Autocar at 125: what’s changed since our centenary?


Sturmey would be dumbfounded by the progress of the car since he bravely launched The Autocar. He would also be dumbfounded by how his arid little 12-pager has become the colourful weekly cornucopia of news, reviews, gossip, features, opinion and characters that none of us wants to do without. And he would know that he was right to persuade Iliffe to let the presses roll.

A century after he did so, Autocar produced a very special, 400-page centenary issue. Since then, the car industry has continued to change, but ever more rapidly. And the promised progress of the next 25 years is predicted massively to exceed what we’ve so far seen.

So for this 125th anniversary, Autocar has decided to focus on looking 25 years back, before thinking about the next 25 years to come.

Simon Taylor

The renewal years, 1995-2005

Our 400-page centenary issue featured scoop shots of the new Smart, labelling it “the first car of the 21st century”. Later our first road test would point out the Smart’s flaws as a driver’s car and problems with its stability, but you could get our early point. Soon after, we pronounced Alex Issigonis’s Mini our Car of the Century and said no one should be surprised – assuming they could live that long – if the little two-door were able to “do the double”.

BMW had just bought the Rover Group for £800 million, ending a co-operative deal with Honda, but the prospects seemed bright, especially since the MG F sports car was on the horizon, along with prospects for good cars such as the Rover 75 that emerged in 1997. We drove various 75 prototypes before launch and were highly impressed, but BMW quit that deal after five years, selling Land Rover to Ford and the rest to four shonky shareholders, the Phoenix Four, who formed MG Rover. We knew it couldn’t last, but it kept Longbridge open and some of the products, notably the small Rover saloons and the Peter Stevens-designed MG SVR, made great copy.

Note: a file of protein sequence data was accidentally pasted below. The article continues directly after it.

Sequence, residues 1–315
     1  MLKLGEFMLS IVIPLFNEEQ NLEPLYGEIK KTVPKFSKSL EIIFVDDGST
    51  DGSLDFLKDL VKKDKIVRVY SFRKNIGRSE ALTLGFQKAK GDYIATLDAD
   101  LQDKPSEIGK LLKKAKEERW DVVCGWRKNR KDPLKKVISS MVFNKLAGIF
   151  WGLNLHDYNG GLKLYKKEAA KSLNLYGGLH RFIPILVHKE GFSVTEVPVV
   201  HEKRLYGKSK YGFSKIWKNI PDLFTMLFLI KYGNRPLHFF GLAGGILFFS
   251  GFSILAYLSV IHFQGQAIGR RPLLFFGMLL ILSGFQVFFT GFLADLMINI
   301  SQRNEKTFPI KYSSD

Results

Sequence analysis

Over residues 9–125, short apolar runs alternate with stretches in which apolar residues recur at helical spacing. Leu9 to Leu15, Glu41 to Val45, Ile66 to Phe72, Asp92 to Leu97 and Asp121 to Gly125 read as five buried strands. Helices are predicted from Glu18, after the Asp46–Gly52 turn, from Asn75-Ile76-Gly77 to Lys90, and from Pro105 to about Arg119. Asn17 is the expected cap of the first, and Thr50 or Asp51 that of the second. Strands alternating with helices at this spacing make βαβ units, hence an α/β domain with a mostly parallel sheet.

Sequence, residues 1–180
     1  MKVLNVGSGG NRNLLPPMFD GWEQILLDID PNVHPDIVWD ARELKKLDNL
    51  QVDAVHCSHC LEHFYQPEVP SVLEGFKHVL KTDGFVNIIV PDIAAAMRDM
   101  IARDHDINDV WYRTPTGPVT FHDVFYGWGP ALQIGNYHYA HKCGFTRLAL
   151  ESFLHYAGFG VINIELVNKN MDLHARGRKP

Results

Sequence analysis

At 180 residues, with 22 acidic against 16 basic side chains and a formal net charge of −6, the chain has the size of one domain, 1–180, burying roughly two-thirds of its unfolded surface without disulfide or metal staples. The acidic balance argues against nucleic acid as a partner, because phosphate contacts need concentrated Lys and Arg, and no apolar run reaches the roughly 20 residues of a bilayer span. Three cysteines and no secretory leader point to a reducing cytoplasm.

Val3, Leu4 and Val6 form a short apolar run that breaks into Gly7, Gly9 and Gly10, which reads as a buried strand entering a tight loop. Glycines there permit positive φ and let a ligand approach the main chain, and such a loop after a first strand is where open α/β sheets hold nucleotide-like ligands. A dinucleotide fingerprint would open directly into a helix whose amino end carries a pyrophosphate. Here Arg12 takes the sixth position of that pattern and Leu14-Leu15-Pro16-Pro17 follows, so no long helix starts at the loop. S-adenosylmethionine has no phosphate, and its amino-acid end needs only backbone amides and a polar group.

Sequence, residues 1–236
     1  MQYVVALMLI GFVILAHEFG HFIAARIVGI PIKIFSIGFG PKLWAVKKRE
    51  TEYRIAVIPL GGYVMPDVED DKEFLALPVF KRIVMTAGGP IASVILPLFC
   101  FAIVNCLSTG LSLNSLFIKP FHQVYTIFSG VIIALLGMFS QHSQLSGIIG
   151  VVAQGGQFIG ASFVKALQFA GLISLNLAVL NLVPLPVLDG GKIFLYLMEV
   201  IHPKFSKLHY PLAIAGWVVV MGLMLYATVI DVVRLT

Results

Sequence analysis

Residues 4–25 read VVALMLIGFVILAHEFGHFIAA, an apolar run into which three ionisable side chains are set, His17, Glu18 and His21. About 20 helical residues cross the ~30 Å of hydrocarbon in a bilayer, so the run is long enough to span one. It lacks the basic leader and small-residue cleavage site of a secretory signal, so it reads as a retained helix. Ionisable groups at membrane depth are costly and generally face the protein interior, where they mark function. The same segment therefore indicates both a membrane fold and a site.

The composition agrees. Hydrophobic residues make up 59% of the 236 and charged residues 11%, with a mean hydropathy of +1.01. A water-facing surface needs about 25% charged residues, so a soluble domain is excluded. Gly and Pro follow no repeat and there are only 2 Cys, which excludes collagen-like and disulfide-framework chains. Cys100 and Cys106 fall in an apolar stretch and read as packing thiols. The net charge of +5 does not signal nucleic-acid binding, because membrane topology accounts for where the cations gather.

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Two significant sports cars bobbed up by the end of the 1995: the Porsche Boxster and the Lotus Elise. We didn’t realise then how much of a role the former would play in the demise of marques such as TVR: why own a fragile and impractical car when you could have something that went as fast, drove better, started every time and safeguarded your investment? The Elise would hold Lotus together, selling better than planned and preserving the company through an unproductive Proton ownership until it was eventually acquired, along with Proton, by a new Chinese owner, Geely, with money to invest and a true global vision.



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